GPI carried out its first observations at the telescope in November with very few problems for such an extraordinarily complex astronomical instrument. "This was one of the smoothest first-light runs Gemini has ever seen," said Stephen Goodsell, who manages the project for the observatory.

For GPI's first observations, the team targeted previously known planetary systems, including the well-known Beta Pictoris system, from which GPI obtained the first-ever spectrum of the very young planet Beta Pictoris b. The first-light team also used the instrument's polarization mode, which can detect starlight scattered by tiny particles, to study a faint ring of dust orbiting the very young star HR4796. With previous instruments, only the ends of this dust ring (which may be the debris remaining from planet formation) could be seen, but with GPI astronomers can follow the entire circumference of the ring. The group also observed the system of planets orbiting HR8799.

Although GPI was designed to look at distant planets, it can also observe objects in our solar system. The test images of Jupiter's moon Europa, for example, can allow scientists to map changes in the moon's surface composition. The images were released today at the 223rd meeting of the American Astronomical Society in Washington DC.

"Seeing a planet close to a star after just one minute was a thrill, and we saw this on only the first week after the instrument was put on the telescope!" said Fredrik Rantakyro, a Gemini staff scientist working on the instrument. "Imagine what it will be able to do once we tweak and completely tune its performance."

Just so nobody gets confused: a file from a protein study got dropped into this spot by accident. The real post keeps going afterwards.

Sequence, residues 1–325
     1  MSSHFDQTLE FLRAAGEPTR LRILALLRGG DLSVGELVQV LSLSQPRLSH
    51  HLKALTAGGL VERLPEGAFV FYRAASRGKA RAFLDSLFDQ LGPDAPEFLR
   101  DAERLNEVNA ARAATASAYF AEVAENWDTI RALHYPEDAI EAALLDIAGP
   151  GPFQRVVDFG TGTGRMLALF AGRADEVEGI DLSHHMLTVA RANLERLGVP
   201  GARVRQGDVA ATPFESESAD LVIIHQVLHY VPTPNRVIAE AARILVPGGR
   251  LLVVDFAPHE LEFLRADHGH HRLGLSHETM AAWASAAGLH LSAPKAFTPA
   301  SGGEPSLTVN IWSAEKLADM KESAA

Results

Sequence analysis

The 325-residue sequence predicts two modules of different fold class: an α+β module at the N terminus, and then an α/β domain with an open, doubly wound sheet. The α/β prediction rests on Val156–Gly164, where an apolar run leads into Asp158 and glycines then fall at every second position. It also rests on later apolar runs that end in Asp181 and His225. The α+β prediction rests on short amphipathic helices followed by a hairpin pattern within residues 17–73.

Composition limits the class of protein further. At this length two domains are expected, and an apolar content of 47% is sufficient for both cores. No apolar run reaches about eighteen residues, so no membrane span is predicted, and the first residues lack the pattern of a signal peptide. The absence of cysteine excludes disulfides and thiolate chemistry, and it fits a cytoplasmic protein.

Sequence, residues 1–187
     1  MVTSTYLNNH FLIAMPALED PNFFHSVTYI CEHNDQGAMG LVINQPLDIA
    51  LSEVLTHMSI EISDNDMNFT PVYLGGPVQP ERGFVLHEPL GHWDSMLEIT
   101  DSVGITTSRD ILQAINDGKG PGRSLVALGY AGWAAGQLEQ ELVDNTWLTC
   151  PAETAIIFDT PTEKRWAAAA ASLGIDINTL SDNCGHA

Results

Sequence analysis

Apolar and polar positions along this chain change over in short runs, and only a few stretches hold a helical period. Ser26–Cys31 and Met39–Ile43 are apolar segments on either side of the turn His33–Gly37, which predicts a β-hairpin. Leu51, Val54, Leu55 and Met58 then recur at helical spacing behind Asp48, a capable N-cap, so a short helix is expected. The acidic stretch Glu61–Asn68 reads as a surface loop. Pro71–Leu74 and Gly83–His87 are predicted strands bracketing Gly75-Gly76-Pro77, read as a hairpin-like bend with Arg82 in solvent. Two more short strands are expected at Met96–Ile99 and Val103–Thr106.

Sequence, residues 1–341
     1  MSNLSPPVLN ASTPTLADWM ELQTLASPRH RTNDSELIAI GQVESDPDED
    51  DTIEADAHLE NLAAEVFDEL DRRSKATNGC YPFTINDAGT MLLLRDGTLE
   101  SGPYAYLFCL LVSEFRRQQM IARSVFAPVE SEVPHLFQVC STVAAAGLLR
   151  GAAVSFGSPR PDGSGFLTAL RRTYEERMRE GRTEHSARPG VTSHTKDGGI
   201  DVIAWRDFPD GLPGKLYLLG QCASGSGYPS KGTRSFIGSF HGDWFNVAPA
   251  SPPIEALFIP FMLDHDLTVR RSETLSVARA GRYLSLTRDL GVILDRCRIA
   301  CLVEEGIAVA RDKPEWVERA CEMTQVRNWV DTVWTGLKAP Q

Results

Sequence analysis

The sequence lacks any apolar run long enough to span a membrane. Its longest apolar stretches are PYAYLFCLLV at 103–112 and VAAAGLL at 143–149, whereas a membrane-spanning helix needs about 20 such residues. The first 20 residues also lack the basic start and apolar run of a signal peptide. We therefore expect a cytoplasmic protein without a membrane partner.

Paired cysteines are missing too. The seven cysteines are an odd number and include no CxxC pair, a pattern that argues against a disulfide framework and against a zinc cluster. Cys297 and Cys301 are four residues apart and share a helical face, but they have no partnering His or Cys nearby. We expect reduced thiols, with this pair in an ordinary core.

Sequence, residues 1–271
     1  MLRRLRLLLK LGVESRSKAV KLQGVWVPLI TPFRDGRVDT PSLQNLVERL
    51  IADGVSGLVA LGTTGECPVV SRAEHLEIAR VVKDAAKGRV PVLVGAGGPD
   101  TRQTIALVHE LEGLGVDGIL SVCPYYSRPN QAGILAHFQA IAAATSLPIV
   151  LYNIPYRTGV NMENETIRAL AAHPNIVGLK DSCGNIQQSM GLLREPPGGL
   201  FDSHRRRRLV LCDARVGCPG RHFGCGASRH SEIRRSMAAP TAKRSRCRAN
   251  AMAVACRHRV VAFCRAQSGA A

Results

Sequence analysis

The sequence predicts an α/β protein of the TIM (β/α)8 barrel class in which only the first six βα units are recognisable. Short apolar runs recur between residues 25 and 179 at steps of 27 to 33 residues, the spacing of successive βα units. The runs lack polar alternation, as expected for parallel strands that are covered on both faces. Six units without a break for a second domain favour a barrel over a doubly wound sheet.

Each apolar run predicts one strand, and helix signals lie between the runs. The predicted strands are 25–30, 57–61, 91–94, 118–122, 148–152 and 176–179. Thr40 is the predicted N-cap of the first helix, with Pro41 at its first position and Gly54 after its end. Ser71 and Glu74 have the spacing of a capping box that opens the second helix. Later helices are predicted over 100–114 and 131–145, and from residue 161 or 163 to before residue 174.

"Exoplanets are extraordinarily faint and difficult to see next to a bright star," noted GPI chief scientist James R. Graham of UC Berkeley, who has worked with Macintosh on the project since its inception. GPI can see planets a million times fainter than their parent stars. Instruments used to image exoplanets must be designed and built to "excruciating tolerances," said Leslie Saddlemyer of NRC Herzberg (part of the National Research Council of Canada), who served as GPI's systems engineer. "Each individual mirror inside GPI has to be smooth to within a few times the size of an atom," Saddlemyer said.

"GPI represents an amazing technical achievement for the international team of scientists who conceived, designed, and constructed the instrument, as well as a hallmark of the capabilities of the Gemini telescopes.  It is a highly-anticipated and well-deserved step into the limelight for the Observatory," said Gary Schmidt, program officer at the National Science Foundation (NSF), which funded the project along with the other countries of the Gemini Observatory partnership.